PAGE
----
also...i am offering the ORIGINAL PAINTING FOR SALE as well! *EMAIL ME AT THE ADDY LISTED ON THE CONTACT PAGE OF MY WEBSITE IF INTERESTED*. he has a little girlfriend, named Alaska (pictured below) 
alaska penguin
©the enchanted easel 2014

and she is also FOR SALE! if interested in the ORIGINAL PAINTINGS as a set, i would be more than happy to accommodate you at a discounted price for the both of them. just send me an email and we can make it happen! 


i'll be posting some sketches and some finished drawings (which i will be offering up FOR SALE) for the rest of december! until then...

"LET IT SNOW! LET IT SNOW! LET IT SNOW!" :)

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12. 10 quotes to inspire a love of winter

Winter encourages a certain kind of idiosyncratic imagery not found during any other season: white, powdery snow, puffs of warm breath, be-scarfed holiday crowds. The following slideshow presents a lovely compilation of quotes from the eighth edition of our Oxford Dictionary of Quotations that will inspire a newfound love for winter, whether you’ve ever experienced snow or not!

Are there any other wintry quotes that you love? Let us know in the comments below.

Headline image credit: Winter bird. Photo by Mathias Erhart. CC BY-SA 2.0 via Flickr. All slideshow background images CC0/public domain via Pixabay or PublicDomainPictures.net (1) (2) (3) (4) (5) (6) (7) (8) (9) (10).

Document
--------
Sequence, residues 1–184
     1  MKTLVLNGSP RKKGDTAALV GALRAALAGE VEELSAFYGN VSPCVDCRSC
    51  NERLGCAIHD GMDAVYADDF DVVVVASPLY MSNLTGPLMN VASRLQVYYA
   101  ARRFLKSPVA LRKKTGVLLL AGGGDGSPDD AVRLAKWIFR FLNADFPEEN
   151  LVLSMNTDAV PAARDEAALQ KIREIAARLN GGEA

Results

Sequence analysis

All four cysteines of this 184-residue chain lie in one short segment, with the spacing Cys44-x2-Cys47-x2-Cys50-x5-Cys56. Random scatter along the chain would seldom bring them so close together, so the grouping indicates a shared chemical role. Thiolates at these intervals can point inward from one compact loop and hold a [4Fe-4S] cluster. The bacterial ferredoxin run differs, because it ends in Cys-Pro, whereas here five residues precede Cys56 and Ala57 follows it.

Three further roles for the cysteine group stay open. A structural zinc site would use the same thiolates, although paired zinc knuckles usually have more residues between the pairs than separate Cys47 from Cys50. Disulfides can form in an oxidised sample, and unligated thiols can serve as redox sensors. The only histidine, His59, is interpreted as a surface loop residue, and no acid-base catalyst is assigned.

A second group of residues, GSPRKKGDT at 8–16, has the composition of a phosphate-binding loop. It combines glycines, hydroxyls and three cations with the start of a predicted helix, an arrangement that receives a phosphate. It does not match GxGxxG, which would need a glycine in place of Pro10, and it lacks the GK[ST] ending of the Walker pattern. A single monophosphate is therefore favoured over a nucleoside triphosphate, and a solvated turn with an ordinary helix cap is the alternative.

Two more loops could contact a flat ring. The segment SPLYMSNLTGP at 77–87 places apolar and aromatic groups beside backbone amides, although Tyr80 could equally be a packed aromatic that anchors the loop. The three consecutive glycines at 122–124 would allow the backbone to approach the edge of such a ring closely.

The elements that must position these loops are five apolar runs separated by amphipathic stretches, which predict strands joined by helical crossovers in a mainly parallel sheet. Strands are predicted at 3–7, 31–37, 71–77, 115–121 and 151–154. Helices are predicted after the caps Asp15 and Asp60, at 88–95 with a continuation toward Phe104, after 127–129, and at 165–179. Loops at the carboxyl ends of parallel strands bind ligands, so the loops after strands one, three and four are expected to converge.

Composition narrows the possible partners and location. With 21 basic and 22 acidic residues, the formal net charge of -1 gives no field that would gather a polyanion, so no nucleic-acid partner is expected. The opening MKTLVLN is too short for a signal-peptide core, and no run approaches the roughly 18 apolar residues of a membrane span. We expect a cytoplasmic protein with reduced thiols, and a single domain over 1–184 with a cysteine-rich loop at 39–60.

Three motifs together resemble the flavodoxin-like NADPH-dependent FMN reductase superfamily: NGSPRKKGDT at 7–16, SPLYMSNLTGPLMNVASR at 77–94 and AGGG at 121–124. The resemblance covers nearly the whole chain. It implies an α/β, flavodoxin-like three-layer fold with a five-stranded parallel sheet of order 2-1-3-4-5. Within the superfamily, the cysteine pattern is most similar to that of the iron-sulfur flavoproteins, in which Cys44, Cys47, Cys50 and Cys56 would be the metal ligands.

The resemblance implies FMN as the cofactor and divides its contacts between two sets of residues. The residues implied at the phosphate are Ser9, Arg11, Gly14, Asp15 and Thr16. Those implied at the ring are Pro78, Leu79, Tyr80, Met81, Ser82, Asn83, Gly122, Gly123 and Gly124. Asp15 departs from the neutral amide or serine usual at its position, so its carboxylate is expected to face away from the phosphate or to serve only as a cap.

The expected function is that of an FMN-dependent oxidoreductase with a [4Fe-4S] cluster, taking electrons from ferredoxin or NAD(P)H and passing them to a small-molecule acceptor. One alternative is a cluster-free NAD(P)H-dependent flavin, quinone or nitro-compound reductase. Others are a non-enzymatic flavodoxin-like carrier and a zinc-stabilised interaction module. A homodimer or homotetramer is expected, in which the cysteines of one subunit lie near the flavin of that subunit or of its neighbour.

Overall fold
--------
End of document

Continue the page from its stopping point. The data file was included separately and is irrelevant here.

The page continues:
The post 10 quotes to inspire a love of winter appeared first on OUPblog.

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13. Holiday Kidlit: DASHING THROUGH THE SNOW by Helaine Becker & Werner Zimmerman (Scholastic Canada)

Looking for some Canadian holiday kidlit cheer? Try DASHING THROUGH THE SNOW: A CANADIAN JINGLE BELLS, a new book written by my friend Helaine Becker, illustrated by Werner Zimmermann, companion to their #1 national bestseller, A PORCUPINE IN A PINE TREE. More info about DASHING on the Scholastic Canada site.

More about Helaine: http://www.helainebecker.com/

More about Werner: http://wernerzimmermann.ca/

---

Also see my other #BookADay posts.

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14. this little guy...


©the enchanted easel 2014

 he's what's on the easel this week!

another penguin...coming soon! :)

{dapper little fella he is...}














©the enchanted easel 2014

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15. Comic: Snowman Gift

 

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16. Children’s Book Trends on The Children’s Book Review | December 2014

The Children’s Book Review | December 8, 2014 We have a winter wonderland of books and articles appearing in The Children’s Book Review‘s book trends this month; including our list “20 of the Best Christmas Books.” We also have some great giveaways trending, so check out the details below for your chance to enter. Did you catch all of the wonderful literacy resources, […]

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17. a fashion savvy little penguin...

truly a bird after my own heart!

meet little alaska, a sweet and stylish little penguin. from her striped scarf and her pink bow...well, let's just say i may have been her inspiration. i mean, i do LOVE me some bows and the color pink. 'nuff said! ;)

she is FOR SALE AS A PRINT FOUND THROUGH THE SHOP LINKS HERE: